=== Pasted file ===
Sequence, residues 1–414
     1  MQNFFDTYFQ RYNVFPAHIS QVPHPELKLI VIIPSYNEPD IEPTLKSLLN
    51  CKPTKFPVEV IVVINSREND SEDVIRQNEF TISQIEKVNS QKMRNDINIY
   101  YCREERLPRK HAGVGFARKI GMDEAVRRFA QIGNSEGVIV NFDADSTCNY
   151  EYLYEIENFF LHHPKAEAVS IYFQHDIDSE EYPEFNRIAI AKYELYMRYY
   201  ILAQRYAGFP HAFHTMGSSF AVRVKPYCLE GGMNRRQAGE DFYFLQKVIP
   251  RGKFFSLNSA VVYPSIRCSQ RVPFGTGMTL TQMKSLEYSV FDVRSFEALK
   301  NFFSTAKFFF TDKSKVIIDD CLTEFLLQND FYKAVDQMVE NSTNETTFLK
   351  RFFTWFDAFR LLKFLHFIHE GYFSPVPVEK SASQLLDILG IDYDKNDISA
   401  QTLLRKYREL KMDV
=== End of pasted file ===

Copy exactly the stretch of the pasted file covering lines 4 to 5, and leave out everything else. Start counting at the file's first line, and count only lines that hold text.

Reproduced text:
   101  YCREERLPRK HAGVGFARKI GMDEAVRRFA QIGNSEGVIV NFDADSTCNY
   151  EYLYEIENFF LHHPKAEAVS IYFQHDIDSE EYPEFNRIAI AKYELYMRYY